Professional athletes have been getting press lately for doing inspiring things.

Kevin Love role modeled speaking out about mental healthJoe Hawley quit pro football to tour in a van and spread a message of "living with less to experience more." Basketball coach Dwane Casey got in on the act with a brilliant letter in response to his firing.

Football player Damarious Randall just put one on the other side of the ledger.

Randall, who recently joined the Cleveland Browns, is a big Golden State Warriors fan. When the Warriors made the NBA finals, setting up a matchup against the Cleveland Cavaliers, Randall had no problem letting his new hometown know about his allegiances:

As of this writing, it has been retweeted over 900,000 times. Randall didn't think it would get 100 retweets.


I checked out the Cleveland Browns page on the NFL Shop--a jersey's average price is $100. Randall could owe over $90 million large. He might need to run a football skills camp this summer for Jeff Bezos and Bill Gates to pay down his debt.

It's not a simple case of Randall showing enthusiasm for a non-hometown team. Just one day earlier, Randall tweeted:

That's full-on agitation, and Cleveland fans aren't happy. So what can we learn from Randall's situation?

The Good Part of Randall's Approach

If you just joined a new team, would you check all your passions at the door and completely morph just to fit in? As a leader, would you expect new employees to do so? 

Of course not.

So, kudos to Randall for not feeling compelled to blend in at all costs and for maintaining his individuality.

The Bad Part of Randall's Approach

You have to wield some emotional intelligence from day one. How will your words and actions be perceived?

Start reading the room the moment you enter. See things from other people's points of view. Randall could easily have shown his support for the Warriors in less flashy, offensive ways.

Using foul language and saying you want to see your new hometown team lit up? Bad.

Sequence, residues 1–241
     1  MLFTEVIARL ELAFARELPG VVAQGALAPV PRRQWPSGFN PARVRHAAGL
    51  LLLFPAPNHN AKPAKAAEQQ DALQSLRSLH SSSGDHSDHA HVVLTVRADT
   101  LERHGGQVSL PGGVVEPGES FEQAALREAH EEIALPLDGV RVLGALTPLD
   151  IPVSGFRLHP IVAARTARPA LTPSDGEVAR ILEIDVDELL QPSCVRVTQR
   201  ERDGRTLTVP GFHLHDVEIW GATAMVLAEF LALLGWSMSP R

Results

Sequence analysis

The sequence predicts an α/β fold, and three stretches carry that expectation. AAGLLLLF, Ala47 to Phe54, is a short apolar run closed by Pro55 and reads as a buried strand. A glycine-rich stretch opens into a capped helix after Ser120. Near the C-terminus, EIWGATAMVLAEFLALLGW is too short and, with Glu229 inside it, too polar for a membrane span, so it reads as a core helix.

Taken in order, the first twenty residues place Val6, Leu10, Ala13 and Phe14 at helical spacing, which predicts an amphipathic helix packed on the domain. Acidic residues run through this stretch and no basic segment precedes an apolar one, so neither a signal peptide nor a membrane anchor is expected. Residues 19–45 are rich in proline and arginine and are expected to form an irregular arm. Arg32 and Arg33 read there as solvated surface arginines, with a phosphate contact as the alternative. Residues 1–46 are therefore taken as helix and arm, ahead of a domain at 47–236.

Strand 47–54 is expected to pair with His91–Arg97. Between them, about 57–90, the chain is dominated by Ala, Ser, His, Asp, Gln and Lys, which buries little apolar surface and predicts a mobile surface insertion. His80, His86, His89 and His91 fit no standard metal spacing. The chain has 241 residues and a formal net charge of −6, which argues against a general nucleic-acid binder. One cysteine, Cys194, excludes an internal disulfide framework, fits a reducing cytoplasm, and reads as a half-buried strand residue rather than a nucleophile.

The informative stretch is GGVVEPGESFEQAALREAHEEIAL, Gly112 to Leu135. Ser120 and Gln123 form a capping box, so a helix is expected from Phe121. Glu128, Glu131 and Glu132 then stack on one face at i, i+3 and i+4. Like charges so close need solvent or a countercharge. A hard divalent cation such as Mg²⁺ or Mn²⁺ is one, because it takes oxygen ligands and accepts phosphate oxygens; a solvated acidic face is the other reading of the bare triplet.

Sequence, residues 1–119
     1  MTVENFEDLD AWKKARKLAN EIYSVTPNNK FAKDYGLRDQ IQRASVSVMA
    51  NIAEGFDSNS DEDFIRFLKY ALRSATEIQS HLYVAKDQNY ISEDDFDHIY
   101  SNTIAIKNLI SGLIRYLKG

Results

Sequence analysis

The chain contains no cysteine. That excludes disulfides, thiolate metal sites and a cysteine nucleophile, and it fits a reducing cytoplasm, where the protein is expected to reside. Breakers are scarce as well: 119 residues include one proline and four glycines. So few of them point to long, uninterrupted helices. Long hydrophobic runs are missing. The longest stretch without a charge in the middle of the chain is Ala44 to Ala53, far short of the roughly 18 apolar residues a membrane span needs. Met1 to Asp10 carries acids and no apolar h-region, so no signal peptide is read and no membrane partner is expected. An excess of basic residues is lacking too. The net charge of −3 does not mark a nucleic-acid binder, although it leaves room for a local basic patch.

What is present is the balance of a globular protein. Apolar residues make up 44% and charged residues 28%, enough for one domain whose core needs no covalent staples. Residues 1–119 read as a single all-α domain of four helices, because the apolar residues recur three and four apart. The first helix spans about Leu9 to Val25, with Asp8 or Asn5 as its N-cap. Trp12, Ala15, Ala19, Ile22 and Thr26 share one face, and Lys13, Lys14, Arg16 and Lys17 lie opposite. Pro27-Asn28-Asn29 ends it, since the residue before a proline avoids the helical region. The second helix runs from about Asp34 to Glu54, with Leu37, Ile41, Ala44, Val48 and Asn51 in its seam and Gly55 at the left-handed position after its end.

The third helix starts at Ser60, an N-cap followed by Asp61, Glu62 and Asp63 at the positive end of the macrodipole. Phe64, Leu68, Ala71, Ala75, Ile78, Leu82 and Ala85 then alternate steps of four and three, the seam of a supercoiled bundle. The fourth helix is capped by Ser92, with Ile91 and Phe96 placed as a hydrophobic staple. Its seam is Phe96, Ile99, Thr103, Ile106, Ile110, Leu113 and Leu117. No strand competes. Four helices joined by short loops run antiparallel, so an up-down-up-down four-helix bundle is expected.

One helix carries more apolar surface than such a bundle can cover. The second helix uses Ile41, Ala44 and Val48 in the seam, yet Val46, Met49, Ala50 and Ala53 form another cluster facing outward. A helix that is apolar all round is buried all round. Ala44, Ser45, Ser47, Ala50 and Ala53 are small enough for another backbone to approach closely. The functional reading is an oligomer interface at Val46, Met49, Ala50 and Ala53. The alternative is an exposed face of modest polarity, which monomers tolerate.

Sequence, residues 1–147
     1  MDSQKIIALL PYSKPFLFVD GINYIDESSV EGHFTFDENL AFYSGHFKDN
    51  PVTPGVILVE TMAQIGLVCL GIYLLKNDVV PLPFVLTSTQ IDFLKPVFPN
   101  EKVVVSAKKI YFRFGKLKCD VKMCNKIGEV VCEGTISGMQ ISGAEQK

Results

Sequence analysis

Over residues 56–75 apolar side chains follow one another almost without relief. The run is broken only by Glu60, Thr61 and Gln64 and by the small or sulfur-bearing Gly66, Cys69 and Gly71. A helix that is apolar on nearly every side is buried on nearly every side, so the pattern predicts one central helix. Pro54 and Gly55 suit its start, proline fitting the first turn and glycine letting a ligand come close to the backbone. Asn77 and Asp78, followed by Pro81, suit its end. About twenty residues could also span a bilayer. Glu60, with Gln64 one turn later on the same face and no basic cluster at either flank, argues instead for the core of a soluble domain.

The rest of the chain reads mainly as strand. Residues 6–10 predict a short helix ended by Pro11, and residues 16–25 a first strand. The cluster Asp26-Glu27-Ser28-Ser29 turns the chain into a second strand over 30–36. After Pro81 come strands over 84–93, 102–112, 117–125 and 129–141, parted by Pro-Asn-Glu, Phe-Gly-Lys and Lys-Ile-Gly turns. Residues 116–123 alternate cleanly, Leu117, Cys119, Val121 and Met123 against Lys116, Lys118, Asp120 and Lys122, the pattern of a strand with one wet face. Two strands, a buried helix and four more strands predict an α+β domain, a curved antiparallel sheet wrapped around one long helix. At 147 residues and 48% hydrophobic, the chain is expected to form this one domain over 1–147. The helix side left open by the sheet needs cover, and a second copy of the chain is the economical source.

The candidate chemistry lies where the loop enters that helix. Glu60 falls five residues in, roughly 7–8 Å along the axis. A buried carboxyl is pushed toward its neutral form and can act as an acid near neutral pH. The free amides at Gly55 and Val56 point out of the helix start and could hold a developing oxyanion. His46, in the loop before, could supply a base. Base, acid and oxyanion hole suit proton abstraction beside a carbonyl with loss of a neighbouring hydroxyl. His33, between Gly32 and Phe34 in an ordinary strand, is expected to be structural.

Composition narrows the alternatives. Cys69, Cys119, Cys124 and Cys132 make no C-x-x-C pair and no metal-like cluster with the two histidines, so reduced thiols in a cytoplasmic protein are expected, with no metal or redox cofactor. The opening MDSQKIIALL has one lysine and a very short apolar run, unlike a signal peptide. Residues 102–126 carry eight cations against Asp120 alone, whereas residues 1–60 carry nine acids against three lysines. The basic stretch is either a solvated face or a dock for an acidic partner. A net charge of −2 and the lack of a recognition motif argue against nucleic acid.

Flaunting your wealth by offering to buy jerseys on the off-chance you're wrong? Bad. 

Missing the importance of how much pride a city takes in their team and how badly they want more winning after suffering through so many horrible seasons? Bad.

Missing the point that you now represent that city? Bad(der).

The Ugly Part of Randall's Approach

Randall potentially has a $90 million dollar tab to pay. He could be handing out a new jersey in New Jersey (and elsewhere) every five seconds.

Now, clearly, it isn't going to come to this--and no, I don't mean that the Warriors are going to defeat the Cavaliers. It's just hard to see a way Randall comes out a winner in this scenario.

Should the Cavaliers win, he won't be able to keep his word. At best, he'll only be able to craft a clever--but probably lame--way out by buying so many jerseys for fans. He'll donate some money and make some apology.

He's already become an unnecessary side story during the NBA finals. I guarantee announcers will build this story into the drama, and that's probably not the kind of attention Randall wants.

So, let this predicament be a reminder. When you enter a new team, bring your unique skills, passions, energy, and insight to the table. At the same time, show some emotional intelligence and think through how you can stay authentic while using an approach that will endear rather enrage new team/community members.

What do you think? Should Randall have handled this differently or is he well within reasonableness?